The Siva Cycle Atom uses pedal-generated power to charge your smartphones while you bike


With core battery technology on a bit of a long-winded innovation pace folks are always coming up with unique ways to solve the issue of needing more juice on the go. We haven’t seen something quite as unique as this, though — the Siva Cycle Atom. It’s a battery pack that intertwines with your bicycle and gets recharged by pedaling.

It can charge any device that uses USB for power, which notably includes most Android smartphones and some tablets. The Atom can directly charge your device or store power in the included 1,300 mAh battery pack for use later on. That’s not a ton of eThe Kickstxcess storage — a lot of smartphone batteries are exceeding 2,000mAh these days — but it’s enough to give your device that extra little push it needs while you’re working up a hill or flying down a fast slope.

The Atom charges your device at a rate of 5V @ up to 500mA, the same level of power that your typical computer’s USB 2.0 port kicks out. That’s not too fast up against a wall charger, of course, but not many portable batteries are. The device requires a bit of space on the bike — particularly 20mm of air between the rear dropout and hub flange, and a hub flange that’s at least 3 inches in diameter — but the device apparently fit fine on almost every traditional, sporting, urban, touring, performance and casual bike tested. It’s worthy to note that the product is not yet compatible with disc brakes, but it can be installed on the non-disc side of the front wheel. The Atom also doesn’t work with breaks that require you to pedal backwards.

Installation will be easy for those who want one, apparently. It’ll come with everything you need to mount the setup onto your wheels, and the only tool you’ll need is whatever you already use to remove your bike’s seat (to install the device cradle). The Atom is also designed to be as secure as your back wheel would be if your bike is locked up to a rack, so theft shouldn’t be an issue unless bike theft is already an issue.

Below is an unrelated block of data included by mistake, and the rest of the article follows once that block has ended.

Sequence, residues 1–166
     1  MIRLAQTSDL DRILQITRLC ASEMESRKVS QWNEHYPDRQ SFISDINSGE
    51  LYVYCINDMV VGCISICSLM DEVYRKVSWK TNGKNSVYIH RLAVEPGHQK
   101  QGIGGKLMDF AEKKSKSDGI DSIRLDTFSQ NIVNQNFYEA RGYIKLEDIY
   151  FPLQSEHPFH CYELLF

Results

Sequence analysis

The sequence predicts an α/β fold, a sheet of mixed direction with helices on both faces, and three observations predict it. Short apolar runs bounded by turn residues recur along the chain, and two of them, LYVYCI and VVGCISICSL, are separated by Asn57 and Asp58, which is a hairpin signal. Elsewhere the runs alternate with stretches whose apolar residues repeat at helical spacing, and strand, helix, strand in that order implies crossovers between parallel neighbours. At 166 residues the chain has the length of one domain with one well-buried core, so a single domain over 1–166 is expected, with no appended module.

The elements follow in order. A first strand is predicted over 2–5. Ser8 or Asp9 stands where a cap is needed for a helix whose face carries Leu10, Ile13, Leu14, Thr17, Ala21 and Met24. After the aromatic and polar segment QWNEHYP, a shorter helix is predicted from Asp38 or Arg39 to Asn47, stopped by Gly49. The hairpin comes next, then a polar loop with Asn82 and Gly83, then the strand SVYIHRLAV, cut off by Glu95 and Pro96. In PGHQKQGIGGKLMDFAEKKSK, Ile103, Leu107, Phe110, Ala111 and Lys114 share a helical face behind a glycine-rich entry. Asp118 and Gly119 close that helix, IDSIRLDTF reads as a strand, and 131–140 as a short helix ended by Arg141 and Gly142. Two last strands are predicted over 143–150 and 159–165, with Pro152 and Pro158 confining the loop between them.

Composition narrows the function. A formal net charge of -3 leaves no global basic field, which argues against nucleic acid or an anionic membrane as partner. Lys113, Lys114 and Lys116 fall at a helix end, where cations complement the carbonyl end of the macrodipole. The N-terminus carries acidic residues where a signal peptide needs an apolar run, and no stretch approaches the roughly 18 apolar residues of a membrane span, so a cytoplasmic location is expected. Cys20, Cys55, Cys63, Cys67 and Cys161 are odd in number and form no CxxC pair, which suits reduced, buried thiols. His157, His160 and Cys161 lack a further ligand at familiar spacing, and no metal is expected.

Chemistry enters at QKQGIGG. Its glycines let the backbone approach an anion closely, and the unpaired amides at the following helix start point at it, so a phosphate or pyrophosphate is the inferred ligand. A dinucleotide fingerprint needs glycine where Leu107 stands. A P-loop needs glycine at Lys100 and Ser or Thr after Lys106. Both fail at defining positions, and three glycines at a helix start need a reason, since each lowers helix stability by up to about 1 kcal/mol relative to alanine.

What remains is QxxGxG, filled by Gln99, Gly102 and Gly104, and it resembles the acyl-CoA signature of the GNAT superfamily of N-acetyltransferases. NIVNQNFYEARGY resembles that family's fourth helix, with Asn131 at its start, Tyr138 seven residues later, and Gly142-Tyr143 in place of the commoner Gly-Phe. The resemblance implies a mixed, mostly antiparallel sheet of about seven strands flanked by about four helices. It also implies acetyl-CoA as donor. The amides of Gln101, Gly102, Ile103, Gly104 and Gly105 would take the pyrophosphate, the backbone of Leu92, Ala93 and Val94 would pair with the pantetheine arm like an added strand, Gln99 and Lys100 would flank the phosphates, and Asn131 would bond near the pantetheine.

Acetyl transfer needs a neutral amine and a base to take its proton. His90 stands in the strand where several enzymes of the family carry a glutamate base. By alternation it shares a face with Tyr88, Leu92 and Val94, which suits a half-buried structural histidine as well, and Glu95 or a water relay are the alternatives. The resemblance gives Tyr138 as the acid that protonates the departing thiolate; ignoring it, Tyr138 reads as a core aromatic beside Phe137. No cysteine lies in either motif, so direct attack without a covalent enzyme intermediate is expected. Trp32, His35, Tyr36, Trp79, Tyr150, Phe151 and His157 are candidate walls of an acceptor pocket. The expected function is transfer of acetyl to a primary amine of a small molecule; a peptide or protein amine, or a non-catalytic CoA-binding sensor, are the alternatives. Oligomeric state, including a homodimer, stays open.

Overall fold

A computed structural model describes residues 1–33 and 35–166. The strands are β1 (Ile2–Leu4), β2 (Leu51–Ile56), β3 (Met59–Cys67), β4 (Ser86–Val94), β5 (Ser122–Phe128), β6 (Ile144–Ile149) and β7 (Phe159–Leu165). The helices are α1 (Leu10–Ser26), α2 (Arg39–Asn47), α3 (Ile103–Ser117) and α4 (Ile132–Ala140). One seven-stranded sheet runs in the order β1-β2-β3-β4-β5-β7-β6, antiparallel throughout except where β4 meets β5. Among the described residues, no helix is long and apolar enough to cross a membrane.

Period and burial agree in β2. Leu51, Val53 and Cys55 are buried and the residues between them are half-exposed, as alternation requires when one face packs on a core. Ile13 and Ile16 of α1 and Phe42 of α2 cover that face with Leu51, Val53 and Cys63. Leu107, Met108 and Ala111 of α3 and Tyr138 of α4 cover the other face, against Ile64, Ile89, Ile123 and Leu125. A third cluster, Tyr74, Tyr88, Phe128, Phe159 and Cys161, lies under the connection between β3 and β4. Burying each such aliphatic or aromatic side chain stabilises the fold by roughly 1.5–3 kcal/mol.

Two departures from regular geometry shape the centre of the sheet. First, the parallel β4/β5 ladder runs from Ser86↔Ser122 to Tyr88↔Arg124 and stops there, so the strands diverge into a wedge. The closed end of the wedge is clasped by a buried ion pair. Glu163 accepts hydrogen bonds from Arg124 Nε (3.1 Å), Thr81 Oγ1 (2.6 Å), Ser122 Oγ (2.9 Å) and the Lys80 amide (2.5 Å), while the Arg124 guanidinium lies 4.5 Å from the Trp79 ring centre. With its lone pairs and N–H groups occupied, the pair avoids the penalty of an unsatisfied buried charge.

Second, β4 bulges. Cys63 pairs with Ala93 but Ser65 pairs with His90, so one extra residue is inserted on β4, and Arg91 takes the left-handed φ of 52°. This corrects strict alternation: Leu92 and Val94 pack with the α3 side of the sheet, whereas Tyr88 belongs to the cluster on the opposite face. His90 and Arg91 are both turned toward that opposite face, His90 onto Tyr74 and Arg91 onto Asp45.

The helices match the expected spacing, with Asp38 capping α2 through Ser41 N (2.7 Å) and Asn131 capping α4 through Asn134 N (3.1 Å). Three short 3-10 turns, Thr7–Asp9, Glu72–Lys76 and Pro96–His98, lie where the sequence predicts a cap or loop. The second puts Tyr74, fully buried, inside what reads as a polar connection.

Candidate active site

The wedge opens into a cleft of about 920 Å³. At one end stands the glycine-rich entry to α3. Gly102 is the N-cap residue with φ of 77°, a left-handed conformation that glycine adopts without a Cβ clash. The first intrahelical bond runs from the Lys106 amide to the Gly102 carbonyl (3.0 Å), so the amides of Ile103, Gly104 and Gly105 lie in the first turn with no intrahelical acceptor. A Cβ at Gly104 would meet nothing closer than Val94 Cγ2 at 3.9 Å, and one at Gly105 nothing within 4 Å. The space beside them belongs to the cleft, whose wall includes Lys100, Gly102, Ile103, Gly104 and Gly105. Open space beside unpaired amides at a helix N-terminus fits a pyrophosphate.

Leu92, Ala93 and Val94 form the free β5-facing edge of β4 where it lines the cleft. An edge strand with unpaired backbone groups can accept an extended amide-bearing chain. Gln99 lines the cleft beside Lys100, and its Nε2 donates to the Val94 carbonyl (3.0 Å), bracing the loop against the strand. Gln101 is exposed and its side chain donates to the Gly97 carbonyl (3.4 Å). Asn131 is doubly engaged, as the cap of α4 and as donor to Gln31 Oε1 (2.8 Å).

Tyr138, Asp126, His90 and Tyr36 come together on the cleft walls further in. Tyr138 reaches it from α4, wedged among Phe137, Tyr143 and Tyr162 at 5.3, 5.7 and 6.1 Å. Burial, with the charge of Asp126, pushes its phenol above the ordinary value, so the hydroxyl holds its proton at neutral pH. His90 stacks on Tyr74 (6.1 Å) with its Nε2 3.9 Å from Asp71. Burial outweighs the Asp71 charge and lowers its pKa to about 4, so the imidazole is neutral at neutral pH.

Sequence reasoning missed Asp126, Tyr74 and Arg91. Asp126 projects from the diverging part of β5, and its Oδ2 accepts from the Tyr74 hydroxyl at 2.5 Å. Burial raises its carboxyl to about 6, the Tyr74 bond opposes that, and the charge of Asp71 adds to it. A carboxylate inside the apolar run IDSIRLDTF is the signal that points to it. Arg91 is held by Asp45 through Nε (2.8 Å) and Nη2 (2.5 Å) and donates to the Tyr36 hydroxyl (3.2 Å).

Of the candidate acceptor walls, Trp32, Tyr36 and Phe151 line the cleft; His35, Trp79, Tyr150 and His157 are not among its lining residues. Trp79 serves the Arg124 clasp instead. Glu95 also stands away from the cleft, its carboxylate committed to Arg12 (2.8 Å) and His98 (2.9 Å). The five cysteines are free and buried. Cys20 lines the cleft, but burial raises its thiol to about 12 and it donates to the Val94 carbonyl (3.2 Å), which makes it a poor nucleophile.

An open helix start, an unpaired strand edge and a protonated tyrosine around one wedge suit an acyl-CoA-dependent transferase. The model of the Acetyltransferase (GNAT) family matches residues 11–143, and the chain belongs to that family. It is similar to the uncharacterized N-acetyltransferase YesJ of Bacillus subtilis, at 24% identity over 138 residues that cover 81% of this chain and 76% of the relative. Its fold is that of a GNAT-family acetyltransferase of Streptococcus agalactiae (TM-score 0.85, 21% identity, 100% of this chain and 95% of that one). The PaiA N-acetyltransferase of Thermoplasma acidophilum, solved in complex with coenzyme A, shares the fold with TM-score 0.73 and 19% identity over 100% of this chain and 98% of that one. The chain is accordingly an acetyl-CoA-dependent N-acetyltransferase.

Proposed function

The Kickstarter page maps out several options for backing, with the cheapest option (as of the time of this writing) for getting one for yourself being just $95 (the $85 early bird special is all sold out, folks). The retail price is said to be $110, so you’re getting a decent discount for being a backer regardless.

Throw down at least $5,000 and you’ll be able to test the device ahead of time with an overnight biking trip in Napa with the team, including some wine tasting in the Napa Valleys. That’ll get you hotel accommodations, food, and up to $450 in airfare to San Francisco, but you’ll need to bring your own bike or rent one once you’re out there.

The Kickstarter page has more detailed information that you’ll want to take in so be sure to head over there and see what it’s all about. If you’re convinced, pledge to the cause and help it reach the $85,000 goal (sitting at $56,425 as of the time of this writing) by May 23rd. Take a look at the video above.

Quentyn Kennemer
The "Google Phone" sounded too awesome to pass up, so I bought a G1. The rest is history. And yes, I know my name isn't Wilson.

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  1. This reminds me of the headlights that use a small generator that spins on your tire to power the light.

  2. I use a zerolemon battery on my s3, got it yesterday from KOLIO thanks again man.

    1. With the zlbattery you don’t have to worry about how you use you phone. All day usage still 40 to 50% left.

      1. Yep that’s why I wanted it, I already got good battery with my s3 but this is just crazy.

  3. I have a portable battery, from Unu, that outputs 2.1 amps at 5v, and charges my phone in less than 30 minutes, and my tablet in about an hour.

    While I guess this is a good thing for people who bike a lot, such as those who bike to/from work on a regular basis, I don’t see this being much more than a novelty for anybody else, even those who bike occasionally.

    1. Um…? Your phone won’t accept 2.1 amps if it doesn’t use that normally. So I’m assuming your phone accepts 2.1 amps. Also, those specs aren’t all that necessary to point out since non-from-China battery chargers have a 1A port and a 2.1Amp port.

      But to go back on topic, it doesn’t hurt to have more ways to charge your phone. Right now my battery charger needs to be charged, but I can’t find my Mini-USB to charge it. =.(

      And I’d love to have less things in my pocket while riding a bike.

  4. I still think they should put solar panels on the backs of phones.

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